Dr. Samatham designs and constructs novel photonic devices, advises on the selection and use of state-of-the-art imaging products, and supports teams within OHSU to further clinical and research missions. He provides custom analysis of photon/skin interactions across a broad spectrum of emerging technologies. He currently is working on novel applications of Optical Coherence Tomography and Reflectance Confocal Microscopy used to diagnose and assess dermatologic conditions. Additionally, he analyzes and manages interactions with research cohorts within the War on Melanoma and MoleMapper projects.  

Ruhland Lab
Megan Ruhland, Ph.D.
Assistant Professor
Cell, Developmental & Cancer Biology
Department of Dermatology

The Ruhland lab is broadly interested in understanding the whowhatwhen and where of antigen presentation in the lymph node. In particular we focus on the pathways used by myeloid cell populations to bring tumor-derived antigen into the lymph node and subsequently seed antigen into lymph node resident cell populations. 

Learn more.

Jackilen Shannon, Ph.D.
Professor, OHSU-PSU School of Public Health
Associate Director, Community Outreach and Engagement, OHSU Knight Cancer Institute, School of Medicine
Associate Director, Oregon Clinical and Translational Research Institute
Graduate Programs in Human Nutrition, School of Medicine

Dr. Shannon is a population scientist. As such, her work begins with consideration of the distribution and determinants of disease at the population level.  Over the years her diverse training in Nutrition Science (BS), Public Health (MPH), Nutritional Epidemiology (PhD) and Cancer Epidemiology (post-doc) has allowed her to explore many levels of analysis, including the individual- level (dietary intake ) and the micro-level (molecular markers, genetic polymorphisms), but always with an intent of population level application.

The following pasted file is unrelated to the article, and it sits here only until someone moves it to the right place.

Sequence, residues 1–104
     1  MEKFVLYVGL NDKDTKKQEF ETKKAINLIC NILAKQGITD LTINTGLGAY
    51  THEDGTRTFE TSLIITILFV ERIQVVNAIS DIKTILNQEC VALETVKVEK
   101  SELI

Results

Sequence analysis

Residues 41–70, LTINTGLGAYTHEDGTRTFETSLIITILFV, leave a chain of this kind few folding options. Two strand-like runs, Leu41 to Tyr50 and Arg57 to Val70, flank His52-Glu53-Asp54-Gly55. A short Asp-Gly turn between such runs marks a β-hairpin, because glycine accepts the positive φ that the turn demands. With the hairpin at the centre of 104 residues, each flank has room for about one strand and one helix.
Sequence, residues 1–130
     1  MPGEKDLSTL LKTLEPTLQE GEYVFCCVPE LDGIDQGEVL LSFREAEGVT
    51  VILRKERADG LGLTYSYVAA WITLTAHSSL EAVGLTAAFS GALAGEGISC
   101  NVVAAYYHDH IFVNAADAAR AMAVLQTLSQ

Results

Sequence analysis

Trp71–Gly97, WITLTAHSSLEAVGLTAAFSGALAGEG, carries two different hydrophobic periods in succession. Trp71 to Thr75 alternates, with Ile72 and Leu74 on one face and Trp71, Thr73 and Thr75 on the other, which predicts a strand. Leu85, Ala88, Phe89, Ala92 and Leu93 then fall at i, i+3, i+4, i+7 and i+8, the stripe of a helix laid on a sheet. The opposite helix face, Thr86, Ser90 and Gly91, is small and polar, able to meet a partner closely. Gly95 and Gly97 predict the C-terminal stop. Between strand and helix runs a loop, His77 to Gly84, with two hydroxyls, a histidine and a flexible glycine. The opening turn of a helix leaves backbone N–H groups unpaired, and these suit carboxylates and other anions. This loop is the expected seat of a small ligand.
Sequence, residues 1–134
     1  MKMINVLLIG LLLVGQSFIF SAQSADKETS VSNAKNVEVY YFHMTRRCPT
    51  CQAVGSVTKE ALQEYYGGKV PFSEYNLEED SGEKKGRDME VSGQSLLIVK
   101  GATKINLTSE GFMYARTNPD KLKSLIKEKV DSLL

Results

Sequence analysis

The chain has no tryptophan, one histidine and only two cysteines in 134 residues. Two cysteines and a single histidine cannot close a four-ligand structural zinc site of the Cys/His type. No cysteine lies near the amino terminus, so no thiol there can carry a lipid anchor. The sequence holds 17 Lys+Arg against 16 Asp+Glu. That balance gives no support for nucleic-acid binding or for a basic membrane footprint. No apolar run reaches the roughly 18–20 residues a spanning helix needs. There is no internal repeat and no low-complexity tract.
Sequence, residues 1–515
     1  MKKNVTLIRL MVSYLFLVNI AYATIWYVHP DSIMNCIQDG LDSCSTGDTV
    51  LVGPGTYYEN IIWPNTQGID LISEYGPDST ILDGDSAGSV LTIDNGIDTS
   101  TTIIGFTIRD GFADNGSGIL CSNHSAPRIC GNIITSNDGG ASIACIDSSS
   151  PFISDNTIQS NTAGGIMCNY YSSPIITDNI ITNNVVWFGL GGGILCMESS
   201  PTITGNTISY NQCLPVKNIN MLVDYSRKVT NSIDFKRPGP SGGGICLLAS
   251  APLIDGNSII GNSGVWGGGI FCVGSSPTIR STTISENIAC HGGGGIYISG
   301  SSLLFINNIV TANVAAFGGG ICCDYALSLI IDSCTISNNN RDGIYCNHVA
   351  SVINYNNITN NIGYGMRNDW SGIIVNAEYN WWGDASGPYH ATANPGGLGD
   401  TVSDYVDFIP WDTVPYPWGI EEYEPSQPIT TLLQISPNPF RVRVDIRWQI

Thuillier Lab

Our lab is focusing on the molecular mechanisms by which dietary nutrients can prevent cancer. We have the unique approach of combining molecular biology and epidemiology to truely assess translationally the genetic and epigenetic mechanisms regulating cancer cell and tumor growth.

Philippe Thuillier, Ph.D. 
Assistant Professor of Dermatology, School of Medicine

Wong Lab
Melissa H. Wong, Ph.D.
Associate Professor of Dermatology and Cell & Developmental Biology

Yantasee Lab

The Yantasee Lab combines novel nanotechnology and cancer systems biology to develop next-generation combination immunotherapies for cancer. We aspire to substantially improve health care using our proprietary nanotechnology platform. It can co-deliver siRNA, chemo drugs, vaccines, and/or immunotherapies. We capitalize on this platform to generate next generation combination immune therapies for cancer by co-delivering therapeutics targeting complementary cancer and immune pathways, leading to synergistic clinical benefits. 

Wassana Yantasee, Ph.D.
Professor of Biomedical Engineering, School of Medicine
Program in Molecular and Cellular Biosciences, School of Medicine

About vitiligo